A project undertaken at the Centre for Resource and Environmental Studies, Australian National University, and implemented by R Heinsohn
Paul Igag, a Papuan from Madang province, has worked on the conservation biology of various species at Crater Mountain, PNG, since 1999 with the support of the Wildlife Conservation Society (New York). With generous support from the Pacific Biological Foundation, he came to the Australian National University in 2001 to study for a Masters degree under the supervision of Rob Heinsohn and Sarah Legge. The aim of Paul’s research was to outline the breeding biology and likely causes of threat to three species of large parrot found in the New Guinea rainforest. Palm Cockatoos (Probosciger aterrimus) and Pesquet’s Parrots (Psittrichus fulgidus) are threatened by over-exploitation for food and the thriving trade in their feathers, and along with Eclectus Parrots (Eclectus roratus) are threatened by loss of habitat. Eclectus Parrots are more abundant and less threatened from hunting, and provide a good comparison for the other two species.
Paul’s research had the additional interest of the close involvement of traditional people whose life-styles have changed dramatically in recent times. By training 23 traditional land-owners as research assistants, Paul was able to monitor the breeding efforts and reproductive success at 51 Palm Cockatoo, 71 Eclectus Parrot and 34 Pesquet’s Parrot nest trees for 28 months over his 2645 ha study site. Some retrospective information was also attained from local people who knew about nest trees prior to the study. Only Palm Cockatoos and Pesquet’s Parrots showed overlap in the types of trees they used for nesting (3/10 tree families). The three parrot species differed significantly in every quantitative physical characteristic of the nest trees and hollows measured. Palm Cockatoo hollows tended to be in the skywards-facing end of a broken, dead trunk. Pesquet’s parrots were the only species to entirely excavate their own hollows; they used the trunks of dead trees, but their hollows had entrances that opened horizontally. Eclectus parrot hollows were in taller live trees and had entrance sites and aspects that were more varied than the other two species.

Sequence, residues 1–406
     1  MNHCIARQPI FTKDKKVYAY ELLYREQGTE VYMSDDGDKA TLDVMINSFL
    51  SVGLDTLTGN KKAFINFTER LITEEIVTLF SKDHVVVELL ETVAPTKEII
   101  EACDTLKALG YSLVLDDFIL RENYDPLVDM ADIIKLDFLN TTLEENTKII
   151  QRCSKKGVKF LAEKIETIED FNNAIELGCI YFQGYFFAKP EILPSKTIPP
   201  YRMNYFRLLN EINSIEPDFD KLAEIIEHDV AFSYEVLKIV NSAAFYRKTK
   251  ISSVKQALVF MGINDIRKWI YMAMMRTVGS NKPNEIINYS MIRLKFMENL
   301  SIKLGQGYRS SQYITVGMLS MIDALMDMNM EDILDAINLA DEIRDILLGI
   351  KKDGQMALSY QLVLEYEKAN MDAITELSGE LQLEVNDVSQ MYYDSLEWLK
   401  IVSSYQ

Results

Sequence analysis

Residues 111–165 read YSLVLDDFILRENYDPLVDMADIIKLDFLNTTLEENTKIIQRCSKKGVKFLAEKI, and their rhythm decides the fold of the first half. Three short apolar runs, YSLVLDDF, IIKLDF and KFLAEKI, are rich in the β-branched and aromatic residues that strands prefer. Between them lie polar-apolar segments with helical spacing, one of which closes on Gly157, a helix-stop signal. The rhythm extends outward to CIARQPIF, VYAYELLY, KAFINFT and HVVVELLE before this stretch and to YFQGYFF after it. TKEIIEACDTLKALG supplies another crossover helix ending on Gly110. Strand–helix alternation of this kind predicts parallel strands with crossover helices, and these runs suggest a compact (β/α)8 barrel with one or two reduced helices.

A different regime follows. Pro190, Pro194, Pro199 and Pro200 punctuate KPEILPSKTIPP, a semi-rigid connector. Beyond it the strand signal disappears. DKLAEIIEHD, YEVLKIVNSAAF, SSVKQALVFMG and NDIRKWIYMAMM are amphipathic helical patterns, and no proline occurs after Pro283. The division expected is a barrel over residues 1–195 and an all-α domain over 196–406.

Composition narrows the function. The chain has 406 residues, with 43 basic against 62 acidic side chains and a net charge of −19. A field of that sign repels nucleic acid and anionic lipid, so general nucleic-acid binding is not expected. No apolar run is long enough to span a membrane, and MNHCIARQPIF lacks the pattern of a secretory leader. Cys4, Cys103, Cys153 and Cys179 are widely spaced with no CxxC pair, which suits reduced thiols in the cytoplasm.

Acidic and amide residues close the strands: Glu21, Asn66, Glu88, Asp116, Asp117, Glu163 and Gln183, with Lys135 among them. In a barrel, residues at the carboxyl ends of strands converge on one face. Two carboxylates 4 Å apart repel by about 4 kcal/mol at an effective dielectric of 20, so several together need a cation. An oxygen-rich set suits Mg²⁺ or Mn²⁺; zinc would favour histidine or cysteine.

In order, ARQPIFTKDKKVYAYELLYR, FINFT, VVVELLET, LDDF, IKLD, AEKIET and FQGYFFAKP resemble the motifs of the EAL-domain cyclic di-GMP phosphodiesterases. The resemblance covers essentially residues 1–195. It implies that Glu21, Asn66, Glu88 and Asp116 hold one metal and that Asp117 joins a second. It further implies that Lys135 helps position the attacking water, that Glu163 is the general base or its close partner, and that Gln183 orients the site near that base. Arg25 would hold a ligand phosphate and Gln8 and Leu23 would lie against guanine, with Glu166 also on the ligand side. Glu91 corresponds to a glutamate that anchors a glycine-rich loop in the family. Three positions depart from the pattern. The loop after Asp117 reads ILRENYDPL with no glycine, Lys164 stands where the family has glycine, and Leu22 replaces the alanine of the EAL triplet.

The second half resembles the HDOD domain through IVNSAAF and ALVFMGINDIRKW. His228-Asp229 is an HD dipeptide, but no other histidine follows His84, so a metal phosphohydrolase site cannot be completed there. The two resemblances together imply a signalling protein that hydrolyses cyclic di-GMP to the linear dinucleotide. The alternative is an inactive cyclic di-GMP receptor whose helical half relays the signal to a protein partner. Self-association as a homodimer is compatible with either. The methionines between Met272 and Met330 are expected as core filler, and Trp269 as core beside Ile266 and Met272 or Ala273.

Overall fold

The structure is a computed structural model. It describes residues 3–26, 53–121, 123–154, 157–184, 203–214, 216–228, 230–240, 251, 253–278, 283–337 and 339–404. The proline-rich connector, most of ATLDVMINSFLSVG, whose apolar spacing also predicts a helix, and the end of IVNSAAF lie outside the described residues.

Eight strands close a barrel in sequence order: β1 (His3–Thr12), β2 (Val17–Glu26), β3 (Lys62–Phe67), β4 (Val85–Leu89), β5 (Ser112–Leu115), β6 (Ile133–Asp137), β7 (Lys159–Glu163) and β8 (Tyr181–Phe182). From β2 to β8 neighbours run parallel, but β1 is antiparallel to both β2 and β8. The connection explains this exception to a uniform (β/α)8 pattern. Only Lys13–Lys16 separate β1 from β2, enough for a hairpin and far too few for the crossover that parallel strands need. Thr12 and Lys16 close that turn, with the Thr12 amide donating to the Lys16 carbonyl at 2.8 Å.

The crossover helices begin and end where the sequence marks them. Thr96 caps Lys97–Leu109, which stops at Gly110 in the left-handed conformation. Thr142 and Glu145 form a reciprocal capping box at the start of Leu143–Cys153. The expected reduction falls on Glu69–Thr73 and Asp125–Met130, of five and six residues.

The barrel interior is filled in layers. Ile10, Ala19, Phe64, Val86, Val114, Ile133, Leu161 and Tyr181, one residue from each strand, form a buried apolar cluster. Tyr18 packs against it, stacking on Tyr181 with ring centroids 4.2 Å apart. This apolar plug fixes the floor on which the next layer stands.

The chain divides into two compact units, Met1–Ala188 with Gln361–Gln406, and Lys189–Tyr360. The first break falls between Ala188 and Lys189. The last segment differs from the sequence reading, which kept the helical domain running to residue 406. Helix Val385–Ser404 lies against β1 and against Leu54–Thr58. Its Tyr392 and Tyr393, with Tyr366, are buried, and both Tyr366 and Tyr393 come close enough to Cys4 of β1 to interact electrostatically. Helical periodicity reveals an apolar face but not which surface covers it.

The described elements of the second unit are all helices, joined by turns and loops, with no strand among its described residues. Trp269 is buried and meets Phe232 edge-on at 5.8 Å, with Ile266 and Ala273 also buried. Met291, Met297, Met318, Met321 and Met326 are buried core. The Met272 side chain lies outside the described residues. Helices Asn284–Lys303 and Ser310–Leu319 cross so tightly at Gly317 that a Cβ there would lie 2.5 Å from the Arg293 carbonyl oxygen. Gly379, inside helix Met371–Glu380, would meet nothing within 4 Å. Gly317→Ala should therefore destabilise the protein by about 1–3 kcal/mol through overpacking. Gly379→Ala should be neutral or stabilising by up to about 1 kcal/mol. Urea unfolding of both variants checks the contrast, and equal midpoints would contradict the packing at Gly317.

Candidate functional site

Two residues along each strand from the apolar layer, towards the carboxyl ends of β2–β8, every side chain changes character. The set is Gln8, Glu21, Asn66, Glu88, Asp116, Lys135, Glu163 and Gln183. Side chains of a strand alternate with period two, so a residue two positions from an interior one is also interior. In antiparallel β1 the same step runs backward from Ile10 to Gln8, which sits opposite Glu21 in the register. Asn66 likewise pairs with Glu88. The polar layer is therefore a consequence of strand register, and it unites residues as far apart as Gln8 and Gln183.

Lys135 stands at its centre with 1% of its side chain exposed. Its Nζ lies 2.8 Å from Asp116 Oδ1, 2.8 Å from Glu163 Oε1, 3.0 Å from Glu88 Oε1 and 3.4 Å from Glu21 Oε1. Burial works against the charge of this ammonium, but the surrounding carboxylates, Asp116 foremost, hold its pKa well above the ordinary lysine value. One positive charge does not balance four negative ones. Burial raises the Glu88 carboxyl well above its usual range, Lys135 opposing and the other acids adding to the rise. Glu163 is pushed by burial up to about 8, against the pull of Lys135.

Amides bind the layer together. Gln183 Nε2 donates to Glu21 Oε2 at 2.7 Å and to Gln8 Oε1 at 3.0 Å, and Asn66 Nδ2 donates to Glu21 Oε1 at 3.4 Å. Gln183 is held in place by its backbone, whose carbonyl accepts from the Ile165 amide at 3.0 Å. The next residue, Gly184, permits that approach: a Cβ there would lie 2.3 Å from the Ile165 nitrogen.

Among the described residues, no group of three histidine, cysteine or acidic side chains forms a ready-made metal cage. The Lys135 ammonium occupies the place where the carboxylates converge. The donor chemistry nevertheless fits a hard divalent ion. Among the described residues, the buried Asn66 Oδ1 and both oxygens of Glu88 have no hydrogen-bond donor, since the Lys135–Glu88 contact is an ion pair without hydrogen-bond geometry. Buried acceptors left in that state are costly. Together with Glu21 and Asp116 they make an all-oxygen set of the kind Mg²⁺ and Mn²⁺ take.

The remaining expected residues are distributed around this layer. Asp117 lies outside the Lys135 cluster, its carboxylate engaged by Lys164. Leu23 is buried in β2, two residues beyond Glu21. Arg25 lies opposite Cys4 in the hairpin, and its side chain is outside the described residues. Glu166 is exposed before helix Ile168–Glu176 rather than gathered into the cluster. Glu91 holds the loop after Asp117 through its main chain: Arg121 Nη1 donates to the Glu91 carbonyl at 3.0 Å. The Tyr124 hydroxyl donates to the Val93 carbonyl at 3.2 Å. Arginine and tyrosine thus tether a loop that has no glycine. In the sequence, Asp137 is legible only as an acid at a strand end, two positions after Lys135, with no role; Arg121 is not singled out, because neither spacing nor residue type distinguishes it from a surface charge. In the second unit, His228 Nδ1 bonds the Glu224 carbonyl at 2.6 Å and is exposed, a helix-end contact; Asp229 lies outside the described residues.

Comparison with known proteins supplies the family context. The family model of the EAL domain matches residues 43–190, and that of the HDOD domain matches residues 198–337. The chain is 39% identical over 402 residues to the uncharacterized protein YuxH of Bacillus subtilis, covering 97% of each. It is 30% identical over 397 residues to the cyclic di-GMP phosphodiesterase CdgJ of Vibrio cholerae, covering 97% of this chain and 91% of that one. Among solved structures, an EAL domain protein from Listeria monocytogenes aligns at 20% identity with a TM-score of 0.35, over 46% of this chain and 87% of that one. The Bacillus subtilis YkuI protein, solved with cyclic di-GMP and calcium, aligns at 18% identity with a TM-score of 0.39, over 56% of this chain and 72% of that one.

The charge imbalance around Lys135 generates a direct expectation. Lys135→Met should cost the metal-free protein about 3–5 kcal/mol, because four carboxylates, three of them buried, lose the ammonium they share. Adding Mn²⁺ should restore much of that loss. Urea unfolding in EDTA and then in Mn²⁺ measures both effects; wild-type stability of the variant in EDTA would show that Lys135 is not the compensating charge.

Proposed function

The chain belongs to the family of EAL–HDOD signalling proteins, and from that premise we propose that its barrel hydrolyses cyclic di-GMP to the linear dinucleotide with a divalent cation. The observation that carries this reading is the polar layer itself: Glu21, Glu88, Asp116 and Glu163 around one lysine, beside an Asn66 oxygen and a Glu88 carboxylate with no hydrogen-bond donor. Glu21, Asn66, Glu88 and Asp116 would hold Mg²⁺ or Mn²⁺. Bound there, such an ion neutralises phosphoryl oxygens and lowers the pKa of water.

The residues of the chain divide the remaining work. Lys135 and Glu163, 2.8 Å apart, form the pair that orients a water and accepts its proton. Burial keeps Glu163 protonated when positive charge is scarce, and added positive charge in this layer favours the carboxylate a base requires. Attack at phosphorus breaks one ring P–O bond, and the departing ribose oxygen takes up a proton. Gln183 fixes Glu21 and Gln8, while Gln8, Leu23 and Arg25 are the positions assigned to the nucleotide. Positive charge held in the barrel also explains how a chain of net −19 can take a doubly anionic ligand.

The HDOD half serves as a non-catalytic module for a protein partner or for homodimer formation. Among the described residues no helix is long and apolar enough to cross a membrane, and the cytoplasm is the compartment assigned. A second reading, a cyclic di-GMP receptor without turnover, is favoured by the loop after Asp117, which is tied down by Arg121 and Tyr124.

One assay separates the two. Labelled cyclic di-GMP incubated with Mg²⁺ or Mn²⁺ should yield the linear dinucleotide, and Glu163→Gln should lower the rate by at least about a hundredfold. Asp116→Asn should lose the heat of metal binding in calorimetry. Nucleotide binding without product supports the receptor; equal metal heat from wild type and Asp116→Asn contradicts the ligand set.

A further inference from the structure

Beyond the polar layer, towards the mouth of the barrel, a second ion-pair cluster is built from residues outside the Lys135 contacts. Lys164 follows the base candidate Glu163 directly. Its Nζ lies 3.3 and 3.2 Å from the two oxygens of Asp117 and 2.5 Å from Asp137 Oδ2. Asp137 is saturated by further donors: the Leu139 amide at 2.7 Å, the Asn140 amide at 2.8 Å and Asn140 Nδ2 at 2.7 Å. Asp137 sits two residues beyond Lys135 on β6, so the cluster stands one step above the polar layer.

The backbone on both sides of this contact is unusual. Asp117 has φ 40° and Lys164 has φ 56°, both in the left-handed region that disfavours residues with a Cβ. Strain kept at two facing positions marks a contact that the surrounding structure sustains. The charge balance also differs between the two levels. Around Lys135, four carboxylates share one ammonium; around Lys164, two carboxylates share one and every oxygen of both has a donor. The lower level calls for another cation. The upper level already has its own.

The density of Palm Cockatoo nest trees averaged 0.06 nest trees/ha, but the annual density of active nests was only 0.008/ha. The density of Eclectus Parrot nest hollows averaged 0.069/ha, but the density of active hollows each year was 0.023/ha. Pesquet’s Parrots create new nests each year and the annual density of these was 0.017 nests/ha. Eclectus Parrots tended to nest closer to human settlements than either palm cockatoos or Pesquet’s Parrots. Palm Cockatoos appear to breed seasonally, with eggs being laid between June and October. Pesquet’s Parrots showed similar seasonality. In contrast, Eclectus Parrots occupied their nests and bred all year. In any one year one-sixth of all potential Palm Cockatoo nest trees were actually used for breeding, whereas Eclectus Parrot nests were active more than once per year on average. Similar figures for Pesquet’s Parrots were not available.
Palm Cockatoos always lay one egg, Pesquet’s Parrots lay one or two eggs, and Eclectus Parrots usually lay two eggs. Eclectus Parrots were the most successful at fledging young – 54% of all eggs laid (in 66% of broods) resulted in a fledgling. This compares to 40% in Palm Cockatoos and 17% (in 20% of broods) in Pesquet’s Parrots. Whereas most losses in Palm Cockatoos and Eclectus Parrots were due to predation, Pesquet’s Parrots appeared to continue to lose even large chicks through starvation. Paul concluded that the major life-history traits that render Palm Cockatoos vulnerable are their low density of nest trees and infrequent breeding, whereas Pesquet’s Parrots appear to be most affected by low reproductive success per breeding attempt.
Paul Igag’s research is presently in the form of a Masters thesis in the Faculty of Science, Australian National University, but is also being prepared for publication. For further information contact Rob Heinsohn, CRES, ANU, email: Robert.Heinsohn@anu.edu.au, http://cres.anu.edu.au/~heinsohn/